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Accueil du site → Doctorat → États-Unis → 2018 → Farming and Meaning at the Desert’s Edge : Can Serer Indigenous Agricultural and Cultural Systems Coevolve Towards Sustainability ?

University of Oregon (2018)

Farming and Meaning at the Desert’s Edge : Can Serer Indigenous Agricultural and Cultural Systems Coevolve Towards Sustainability ?

Faye, Jean

Titre : Farming and Meaning at the Desert’s Edge : Can Serer Indigenous Agricultural and Cultural Systems Coevolve Towards Sustainability ?

Auteur : Faye, Jean

Université de soutenance : University of Oregon

Grade : Doctor of Philosophy (PhD) 2018

Résumé
Indigenous agroforestry systems, or the intentional use of trees and livestock in croplands, have a long history in the West African Sahel. In many locations, they have long contributed to food security and climate change resilience. But a century or more of cash cropping and use of modern agricultural inputs and tools has meant that no such agroforestry systems remain intact, and many are extinct, including in west-central Senegal, where the Serer historic mixed farming and pastoral strategies previously provided resilience to cyclical droughts and colonial-era agricultural and economic change but are now neither intact nor extinct. This study examines the current state of Serer agroecosystems, considering who uses what elements of the old systems, who has introduced what elements of nonindigenous farming systems, and whether this combination of local and imported farming systems is a coherent and sustainable fusion, or an incoherent pastiche leading toward agrarian collapse. I argue that, depending on how farmers integrate new models with the technical and cultural elements of the old system, a coherent fusion may result, with positive implications for sustainability, climate change adaptation, soil replenishment, crop yield, and livelihood resilience. This mixed-methods study draws upon literature from cultural ecology, agroecology, socioecological resilience, and history to interpret farmers’ accounts of changing agrarian practices. The study links ethnographic findings to empirical analysis of soil conditions and land use change. With these tools, my research sheds new light on the evolving role of local techniques and knowledge in the struggle to maintain agricultural productivity, as Sahelian communities confront soil fertility depletion, food insecurity, and climate change. The study finds that farming communities in this region can strengthen their livelihood resilience and enhance crop yields if they update elements of the well-adapted historic farming system, employ new techniques and tools, and in the process, forge coherent farming systems that still make cultural sense to farmers.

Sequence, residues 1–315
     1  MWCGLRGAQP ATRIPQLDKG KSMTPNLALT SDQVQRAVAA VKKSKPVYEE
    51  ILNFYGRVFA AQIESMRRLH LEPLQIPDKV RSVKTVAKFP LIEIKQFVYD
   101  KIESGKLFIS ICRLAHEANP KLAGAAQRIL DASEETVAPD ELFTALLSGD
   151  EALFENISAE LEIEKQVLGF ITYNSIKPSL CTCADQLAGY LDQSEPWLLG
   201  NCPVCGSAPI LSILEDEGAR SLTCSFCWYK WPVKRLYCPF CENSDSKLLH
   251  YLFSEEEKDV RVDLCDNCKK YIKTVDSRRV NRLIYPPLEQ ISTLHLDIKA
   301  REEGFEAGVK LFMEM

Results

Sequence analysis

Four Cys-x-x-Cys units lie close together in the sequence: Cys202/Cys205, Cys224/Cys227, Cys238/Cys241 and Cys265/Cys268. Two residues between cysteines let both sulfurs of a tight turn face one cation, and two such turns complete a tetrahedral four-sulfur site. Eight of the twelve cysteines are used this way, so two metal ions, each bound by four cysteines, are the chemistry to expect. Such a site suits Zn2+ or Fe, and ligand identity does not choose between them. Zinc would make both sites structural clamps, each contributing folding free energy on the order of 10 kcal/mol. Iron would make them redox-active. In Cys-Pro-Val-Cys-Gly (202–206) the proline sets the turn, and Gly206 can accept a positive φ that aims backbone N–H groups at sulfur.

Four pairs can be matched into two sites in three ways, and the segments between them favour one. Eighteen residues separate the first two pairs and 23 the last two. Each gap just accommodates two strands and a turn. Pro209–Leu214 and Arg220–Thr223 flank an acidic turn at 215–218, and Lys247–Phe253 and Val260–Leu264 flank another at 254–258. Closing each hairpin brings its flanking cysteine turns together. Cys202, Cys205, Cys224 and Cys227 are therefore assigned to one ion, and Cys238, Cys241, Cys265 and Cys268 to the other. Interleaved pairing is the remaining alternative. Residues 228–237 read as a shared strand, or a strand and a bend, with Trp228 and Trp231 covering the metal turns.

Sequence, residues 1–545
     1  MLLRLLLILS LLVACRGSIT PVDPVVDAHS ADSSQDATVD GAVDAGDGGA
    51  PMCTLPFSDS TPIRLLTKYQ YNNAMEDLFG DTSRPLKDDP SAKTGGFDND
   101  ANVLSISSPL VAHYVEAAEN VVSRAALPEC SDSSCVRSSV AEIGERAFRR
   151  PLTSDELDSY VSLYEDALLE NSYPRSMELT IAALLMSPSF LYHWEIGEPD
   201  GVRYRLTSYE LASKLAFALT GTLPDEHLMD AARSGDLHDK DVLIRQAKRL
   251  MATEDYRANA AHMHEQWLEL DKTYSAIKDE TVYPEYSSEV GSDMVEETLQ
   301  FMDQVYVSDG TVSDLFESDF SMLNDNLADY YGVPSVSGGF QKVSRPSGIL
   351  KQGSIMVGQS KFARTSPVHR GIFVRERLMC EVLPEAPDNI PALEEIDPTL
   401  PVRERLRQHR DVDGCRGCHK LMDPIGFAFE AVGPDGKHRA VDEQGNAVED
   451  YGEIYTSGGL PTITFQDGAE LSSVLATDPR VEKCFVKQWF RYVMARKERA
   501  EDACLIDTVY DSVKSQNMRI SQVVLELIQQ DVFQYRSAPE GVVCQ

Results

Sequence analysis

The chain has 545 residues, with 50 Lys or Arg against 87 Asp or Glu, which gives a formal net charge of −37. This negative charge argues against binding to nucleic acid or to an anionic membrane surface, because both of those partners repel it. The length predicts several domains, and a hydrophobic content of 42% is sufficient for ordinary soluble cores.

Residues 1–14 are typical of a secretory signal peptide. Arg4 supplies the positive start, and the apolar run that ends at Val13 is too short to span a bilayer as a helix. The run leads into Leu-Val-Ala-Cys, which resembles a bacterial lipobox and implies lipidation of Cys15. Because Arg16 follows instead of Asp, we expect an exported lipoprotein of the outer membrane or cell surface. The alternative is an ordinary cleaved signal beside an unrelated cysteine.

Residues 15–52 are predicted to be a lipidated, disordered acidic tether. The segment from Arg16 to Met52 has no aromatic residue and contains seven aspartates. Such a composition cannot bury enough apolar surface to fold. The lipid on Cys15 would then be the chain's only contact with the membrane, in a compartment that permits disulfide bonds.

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Page publiée le 11 mars 2019